There probably isn’t a lot in the world that can still surprise No Reservations and Parts Unknown host Anthony Bourdain. He’s been to 75 countries—and counting—and has eaten everything from fermented shark fin to Namibian warthog.
But taking a solo trip to Tokyo? That’s “intimidating” and “thrilling,” says Bourdain.
He told Travel + Leisure that he remembers his first visit to the Japanese capital as “an eye-opening, traumatizing, life-changing experience.”
“Tokyo is very exciting alone,” Bourdain said. “Every time you need to feed yourself at a restaurant you’re taking the plunge, stepping through the curtains into a room filled with locals, menus in Japanese, feeling awkward and freakish—the tallest guy in the room—having no clue what it is that they’re serving.”
We may not all have such imposing frames, but almost any traveler can relate to the electrifying sense of dislocation and uncertainty.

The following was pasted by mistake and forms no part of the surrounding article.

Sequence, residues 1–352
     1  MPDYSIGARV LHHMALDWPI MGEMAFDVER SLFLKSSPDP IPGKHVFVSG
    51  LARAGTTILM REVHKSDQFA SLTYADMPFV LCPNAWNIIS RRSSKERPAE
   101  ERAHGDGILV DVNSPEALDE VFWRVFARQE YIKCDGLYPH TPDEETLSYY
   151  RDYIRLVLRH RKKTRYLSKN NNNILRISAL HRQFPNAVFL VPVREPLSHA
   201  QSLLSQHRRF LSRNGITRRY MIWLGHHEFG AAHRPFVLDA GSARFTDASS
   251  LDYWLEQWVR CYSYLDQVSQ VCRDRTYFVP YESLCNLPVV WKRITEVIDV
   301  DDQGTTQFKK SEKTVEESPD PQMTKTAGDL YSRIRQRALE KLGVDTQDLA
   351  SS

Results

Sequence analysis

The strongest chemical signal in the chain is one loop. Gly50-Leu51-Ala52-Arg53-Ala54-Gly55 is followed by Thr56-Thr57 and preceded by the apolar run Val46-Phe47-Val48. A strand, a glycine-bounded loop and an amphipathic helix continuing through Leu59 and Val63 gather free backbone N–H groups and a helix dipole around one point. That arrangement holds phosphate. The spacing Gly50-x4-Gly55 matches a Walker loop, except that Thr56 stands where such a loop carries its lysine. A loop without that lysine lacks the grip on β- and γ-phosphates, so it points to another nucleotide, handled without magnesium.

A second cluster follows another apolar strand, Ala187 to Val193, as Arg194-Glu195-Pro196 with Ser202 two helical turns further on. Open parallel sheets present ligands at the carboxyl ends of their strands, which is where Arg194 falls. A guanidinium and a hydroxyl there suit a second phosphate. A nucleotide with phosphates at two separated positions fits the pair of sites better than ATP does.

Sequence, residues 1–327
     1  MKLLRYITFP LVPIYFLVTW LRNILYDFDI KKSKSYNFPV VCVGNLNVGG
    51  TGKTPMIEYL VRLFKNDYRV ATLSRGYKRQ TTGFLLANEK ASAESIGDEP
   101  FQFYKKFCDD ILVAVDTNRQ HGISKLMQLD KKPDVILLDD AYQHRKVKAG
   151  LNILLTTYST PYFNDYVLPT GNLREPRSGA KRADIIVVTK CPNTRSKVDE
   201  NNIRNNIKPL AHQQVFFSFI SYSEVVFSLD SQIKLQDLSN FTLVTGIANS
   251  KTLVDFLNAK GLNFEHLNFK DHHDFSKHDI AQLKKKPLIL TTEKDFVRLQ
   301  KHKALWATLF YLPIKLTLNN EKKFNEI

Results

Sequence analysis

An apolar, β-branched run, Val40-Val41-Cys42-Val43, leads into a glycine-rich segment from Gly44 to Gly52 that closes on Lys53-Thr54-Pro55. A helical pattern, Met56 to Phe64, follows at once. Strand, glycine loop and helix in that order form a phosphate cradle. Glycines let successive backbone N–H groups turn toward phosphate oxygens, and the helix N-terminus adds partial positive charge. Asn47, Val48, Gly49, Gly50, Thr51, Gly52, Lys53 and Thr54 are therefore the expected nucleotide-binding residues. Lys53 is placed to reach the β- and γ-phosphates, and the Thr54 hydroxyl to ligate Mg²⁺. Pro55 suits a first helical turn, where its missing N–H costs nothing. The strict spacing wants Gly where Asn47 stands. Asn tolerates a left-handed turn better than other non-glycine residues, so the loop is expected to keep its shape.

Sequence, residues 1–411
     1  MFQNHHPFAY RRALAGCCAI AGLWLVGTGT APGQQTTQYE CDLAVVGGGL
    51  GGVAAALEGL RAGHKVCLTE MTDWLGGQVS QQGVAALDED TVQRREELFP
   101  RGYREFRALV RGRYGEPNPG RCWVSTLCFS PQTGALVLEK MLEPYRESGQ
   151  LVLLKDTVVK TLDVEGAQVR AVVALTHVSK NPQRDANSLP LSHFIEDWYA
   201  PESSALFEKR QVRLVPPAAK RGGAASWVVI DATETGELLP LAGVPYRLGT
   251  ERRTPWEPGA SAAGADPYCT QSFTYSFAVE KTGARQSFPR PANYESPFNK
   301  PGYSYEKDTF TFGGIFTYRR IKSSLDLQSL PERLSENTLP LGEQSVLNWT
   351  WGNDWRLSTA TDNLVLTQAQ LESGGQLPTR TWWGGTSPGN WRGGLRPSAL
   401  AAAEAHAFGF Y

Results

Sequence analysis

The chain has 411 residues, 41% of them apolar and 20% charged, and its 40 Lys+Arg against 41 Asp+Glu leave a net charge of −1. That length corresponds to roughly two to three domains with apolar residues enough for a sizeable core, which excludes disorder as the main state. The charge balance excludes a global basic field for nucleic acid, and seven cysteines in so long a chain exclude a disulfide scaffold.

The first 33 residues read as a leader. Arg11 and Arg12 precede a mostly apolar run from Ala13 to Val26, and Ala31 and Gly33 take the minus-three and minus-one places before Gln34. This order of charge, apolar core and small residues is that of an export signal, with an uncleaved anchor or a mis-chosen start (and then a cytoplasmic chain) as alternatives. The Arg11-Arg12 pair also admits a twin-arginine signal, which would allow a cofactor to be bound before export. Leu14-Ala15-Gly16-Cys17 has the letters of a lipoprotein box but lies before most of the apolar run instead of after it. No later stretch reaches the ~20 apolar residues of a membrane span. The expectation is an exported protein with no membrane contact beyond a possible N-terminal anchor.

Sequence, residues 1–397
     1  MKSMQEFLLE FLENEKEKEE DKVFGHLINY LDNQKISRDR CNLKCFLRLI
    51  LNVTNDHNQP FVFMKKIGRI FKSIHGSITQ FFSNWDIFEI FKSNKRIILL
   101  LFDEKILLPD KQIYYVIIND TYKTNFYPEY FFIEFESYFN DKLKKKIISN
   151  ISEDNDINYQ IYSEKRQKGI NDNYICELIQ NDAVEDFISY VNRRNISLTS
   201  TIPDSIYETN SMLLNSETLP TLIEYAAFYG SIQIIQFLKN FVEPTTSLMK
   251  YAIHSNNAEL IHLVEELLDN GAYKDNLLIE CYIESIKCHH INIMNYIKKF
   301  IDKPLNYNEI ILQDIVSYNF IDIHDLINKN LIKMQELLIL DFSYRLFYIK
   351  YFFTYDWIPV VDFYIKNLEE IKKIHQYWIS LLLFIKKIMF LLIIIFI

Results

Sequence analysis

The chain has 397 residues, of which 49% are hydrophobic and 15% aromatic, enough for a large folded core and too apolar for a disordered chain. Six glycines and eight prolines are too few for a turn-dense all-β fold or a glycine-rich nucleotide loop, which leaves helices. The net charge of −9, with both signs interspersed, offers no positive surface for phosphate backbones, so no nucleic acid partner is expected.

“When you finally get to the point when you can order breakfast at a restaurant? That’s a great feeling of accomplishment,” said Bourdain. “That’s what I love about Tokyo. You’re forced to learn stuff every inch of the way.”
Practically speaking, Japan is one of the best countries for solo adventures. When you elbow up to a sushi counter here, you’ll likely find you’re not the only solitary traveler marveling at the sashimi.
Read the full interview with Anthony Bourdain (including the one hotel he wouldn’t mind calling home and the most surprising destination on the planet).
Melanie Lieberman is the Assistant Digital Editor at Travel + Leisure. Follow her on Twitter and Instagram at @melanietaryn.
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